Monday, February 07, 2005

What's The Matter With Kansas?

I just finished this great book by Thomas Frank (not to be confused with retired General Tommy Franks) that examines how his home state of Kansas, once controlled by Republican moderates, has been taken over by fundamentalist conservatives in the past 15 years. These people have sided with the GOP even as the party's pro-business policies have devastated their communities. The book seeks to explain why Kansans vote against their own economic interests in the name of moral battles that they can't really win.

While I enjoyed the entire book, I had an epiphany as I read the Epilogue. I guess I knew it subconsciously, but I never quite put it into words: I am a historical Democrat. What I mean is that my support of the Democratic Party is largely based upon its history, not the message it is delivering today. Although I still see the Democrats as the party of Roosevelt and workers, they don't talk that way anymore. They often sound merely like socially liberal Republicans.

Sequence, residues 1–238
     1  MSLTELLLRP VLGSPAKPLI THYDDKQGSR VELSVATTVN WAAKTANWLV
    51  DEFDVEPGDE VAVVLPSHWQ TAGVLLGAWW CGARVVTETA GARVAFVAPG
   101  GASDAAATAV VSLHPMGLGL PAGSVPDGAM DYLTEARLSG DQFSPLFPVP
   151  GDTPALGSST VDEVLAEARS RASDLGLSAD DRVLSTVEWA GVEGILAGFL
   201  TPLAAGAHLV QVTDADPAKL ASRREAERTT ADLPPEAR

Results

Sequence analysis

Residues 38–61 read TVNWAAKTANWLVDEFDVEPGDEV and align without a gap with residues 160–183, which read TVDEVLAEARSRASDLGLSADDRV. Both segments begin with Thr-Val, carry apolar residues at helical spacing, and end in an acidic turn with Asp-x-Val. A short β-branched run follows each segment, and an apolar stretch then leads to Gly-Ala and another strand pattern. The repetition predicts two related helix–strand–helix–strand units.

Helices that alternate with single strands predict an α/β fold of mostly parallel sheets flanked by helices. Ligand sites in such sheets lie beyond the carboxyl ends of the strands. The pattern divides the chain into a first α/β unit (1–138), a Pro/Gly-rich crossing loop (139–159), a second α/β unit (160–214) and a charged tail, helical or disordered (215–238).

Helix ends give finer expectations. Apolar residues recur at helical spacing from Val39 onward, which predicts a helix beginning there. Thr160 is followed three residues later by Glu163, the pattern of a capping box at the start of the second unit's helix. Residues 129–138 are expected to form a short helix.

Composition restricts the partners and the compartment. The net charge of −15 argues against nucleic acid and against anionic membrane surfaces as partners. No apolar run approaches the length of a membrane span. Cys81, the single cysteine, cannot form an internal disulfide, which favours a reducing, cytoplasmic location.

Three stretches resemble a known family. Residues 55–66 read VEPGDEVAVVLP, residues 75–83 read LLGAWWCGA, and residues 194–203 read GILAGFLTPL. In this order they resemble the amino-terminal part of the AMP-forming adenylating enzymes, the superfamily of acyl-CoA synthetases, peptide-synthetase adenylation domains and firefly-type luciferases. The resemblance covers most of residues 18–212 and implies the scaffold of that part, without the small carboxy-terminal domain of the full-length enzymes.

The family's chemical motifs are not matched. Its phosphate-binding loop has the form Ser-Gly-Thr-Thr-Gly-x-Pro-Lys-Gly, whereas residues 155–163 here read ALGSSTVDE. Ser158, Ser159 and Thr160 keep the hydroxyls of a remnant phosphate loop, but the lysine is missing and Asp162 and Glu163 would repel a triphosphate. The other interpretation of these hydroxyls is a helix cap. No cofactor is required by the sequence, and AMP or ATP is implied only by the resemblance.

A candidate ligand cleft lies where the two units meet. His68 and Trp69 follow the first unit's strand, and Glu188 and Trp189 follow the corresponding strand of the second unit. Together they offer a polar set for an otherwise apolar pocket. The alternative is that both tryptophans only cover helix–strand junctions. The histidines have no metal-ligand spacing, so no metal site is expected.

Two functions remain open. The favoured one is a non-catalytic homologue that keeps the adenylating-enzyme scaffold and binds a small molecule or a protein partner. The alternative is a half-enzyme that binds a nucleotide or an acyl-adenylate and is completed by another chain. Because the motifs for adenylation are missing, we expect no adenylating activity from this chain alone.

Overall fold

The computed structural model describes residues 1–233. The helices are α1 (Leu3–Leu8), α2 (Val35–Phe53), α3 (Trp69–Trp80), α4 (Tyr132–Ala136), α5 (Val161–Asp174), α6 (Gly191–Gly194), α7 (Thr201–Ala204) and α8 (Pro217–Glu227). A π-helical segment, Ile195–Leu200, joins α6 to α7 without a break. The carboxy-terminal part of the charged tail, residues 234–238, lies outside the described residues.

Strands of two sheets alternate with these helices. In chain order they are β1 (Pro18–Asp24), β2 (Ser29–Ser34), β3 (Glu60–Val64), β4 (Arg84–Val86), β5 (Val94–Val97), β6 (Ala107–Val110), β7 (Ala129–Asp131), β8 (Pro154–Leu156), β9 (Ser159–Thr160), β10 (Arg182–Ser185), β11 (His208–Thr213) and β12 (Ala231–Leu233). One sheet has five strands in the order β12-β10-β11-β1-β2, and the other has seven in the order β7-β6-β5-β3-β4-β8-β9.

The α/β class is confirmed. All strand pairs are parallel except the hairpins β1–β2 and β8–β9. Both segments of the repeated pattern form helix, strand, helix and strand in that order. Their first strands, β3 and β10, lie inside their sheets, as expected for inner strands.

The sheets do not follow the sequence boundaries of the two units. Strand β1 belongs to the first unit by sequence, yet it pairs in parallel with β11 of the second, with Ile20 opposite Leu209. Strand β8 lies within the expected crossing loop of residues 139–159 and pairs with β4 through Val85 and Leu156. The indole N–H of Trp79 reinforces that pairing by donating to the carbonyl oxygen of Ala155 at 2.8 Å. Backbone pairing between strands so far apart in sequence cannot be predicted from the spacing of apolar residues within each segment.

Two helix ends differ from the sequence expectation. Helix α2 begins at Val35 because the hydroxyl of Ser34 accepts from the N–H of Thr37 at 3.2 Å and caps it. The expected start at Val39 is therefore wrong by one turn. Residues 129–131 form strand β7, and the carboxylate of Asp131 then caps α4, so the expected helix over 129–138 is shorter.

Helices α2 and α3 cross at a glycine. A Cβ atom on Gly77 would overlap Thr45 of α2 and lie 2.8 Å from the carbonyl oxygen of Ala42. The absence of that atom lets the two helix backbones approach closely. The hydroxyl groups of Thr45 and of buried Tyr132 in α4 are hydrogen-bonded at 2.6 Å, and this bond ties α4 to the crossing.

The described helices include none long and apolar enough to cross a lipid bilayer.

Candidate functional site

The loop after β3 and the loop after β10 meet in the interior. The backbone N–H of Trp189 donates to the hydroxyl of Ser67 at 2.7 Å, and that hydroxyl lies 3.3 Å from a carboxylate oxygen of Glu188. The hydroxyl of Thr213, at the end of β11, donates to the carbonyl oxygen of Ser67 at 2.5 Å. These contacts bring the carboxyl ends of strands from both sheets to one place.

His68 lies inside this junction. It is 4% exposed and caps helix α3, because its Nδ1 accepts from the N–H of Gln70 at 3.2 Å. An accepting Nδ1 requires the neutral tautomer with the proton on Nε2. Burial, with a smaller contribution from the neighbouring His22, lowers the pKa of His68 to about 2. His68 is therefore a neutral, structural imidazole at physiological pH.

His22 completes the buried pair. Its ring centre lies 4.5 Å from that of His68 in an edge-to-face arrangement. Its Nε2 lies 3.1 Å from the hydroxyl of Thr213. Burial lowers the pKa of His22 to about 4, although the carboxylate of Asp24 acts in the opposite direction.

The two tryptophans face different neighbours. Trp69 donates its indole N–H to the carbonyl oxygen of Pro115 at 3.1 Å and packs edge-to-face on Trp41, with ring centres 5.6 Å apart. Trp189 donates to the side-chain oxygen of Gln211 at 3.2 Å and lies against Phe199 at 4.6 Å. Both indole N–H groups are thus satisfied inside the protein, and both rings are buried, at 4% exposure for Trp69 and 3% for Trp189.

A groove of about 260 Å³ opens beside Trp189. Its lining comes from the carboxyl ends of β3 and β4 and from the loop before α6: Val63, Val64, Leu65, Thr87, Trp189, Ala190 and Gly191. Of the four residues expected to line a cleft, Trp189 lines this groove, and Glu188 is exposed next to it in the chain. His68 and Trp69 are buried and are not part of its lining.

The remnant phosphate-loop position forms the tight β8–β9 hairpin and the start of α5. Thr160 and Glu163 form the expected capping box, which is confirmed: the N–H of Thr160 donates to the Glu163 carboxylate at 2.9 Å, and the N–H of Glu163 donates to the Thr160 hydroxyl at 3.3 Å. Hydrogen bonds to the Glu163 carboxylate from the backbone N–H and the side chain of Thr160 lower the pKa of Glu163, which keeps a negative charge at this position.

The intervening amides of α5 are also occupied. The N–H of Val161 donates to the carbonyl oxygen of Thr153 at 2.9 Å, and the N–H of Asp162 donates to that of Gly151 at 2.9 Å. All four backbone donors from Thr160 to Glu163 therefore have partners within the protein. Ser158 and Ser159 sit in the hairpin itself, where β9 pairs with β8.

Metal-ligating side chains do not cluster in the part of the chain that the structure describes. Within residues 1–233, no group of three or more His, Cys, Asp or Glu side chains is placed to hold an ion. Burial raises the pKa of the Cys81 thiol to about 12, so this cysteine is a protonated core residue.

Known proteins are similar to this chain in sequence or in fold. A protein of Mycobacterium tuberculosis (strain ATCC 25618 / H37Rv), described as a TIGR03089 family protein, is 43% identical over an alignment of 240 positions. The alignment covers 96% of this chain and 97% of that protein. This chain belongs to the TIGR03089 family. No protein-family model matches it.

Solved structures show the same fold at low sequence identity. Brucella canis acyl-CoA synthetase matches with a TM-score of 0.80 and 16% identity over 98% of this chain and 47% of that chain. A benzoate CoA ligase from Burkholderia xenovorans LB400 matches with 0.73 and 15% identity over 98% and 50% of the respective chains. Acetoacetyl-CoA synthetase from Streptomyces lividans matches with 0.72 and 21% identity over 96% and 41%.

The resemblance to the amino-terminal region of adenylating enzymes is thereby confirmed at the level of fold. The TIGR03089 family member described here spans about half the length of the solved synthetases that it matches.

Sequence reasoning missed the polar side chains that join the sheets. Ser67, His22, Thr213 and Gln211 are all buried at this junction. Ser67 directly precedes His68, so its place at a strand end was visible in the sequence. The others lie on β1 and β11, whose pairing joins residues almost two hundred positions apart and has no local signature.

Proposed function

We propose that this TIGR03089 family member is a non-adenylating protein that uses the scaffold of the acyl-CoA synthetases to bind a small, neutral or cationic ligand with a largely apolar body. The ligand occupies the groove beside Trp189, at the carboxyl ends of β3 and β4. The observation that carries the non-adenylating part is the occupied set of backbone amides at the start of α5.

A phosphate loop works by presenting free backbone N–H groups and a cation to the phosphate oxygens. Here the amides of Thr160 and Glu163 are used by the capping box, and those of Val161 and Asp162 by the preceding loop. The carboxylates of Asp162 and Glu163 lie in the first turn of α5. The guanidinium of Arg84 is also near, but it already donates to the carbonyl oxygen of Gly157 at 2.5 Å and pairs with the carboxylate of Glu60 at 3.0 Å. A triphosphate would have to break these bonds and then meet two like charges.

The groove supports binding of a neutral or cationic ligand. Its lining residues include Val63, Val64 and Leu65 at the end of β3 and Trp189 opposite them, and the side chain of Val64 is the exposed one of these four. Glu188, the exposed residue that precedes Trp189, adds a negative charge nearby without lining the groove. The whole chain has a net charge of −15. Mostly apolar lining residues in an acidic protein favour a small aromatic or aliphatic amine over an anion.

The Republicans have been the corporate party for a long time, but for the Democrats, this is a more recent development. The decline of the Democratic Party culminated in Bill Clinton's Faustian bargain with big business. Clinton had to govern from the center to accomplish anything and to get reelected. But in the process, the economic distinctions between the two parties were downplayed, then forgotten. In fact, Clinton could be the best thing that ever happened to the Republican Party, despite how virulently they attacked him for eight years (and still do, four years after he left office). Frank points out that since the Democrats stopped standing for and talking about class conflict (i.e., workers versus owners), "moral" issues are the only argument left.

I'm not saying there aren't Democratic politicians who still believe in workers and are not beholden to big business. But they aren't conveying that message anymore. If the Democrats ever want to win back the country, they have to change their stance. That does not mean they should move further to the right; that would be the death knell for the party. They need to offer a clear alternative that really speaks to the common man's economic well-being, like the Democrats of old. While the more militant anti-abortion and anti-gay evangelicals will never change parties, other people with lousy jobs in dying towns just might if they thought it would make a difference.


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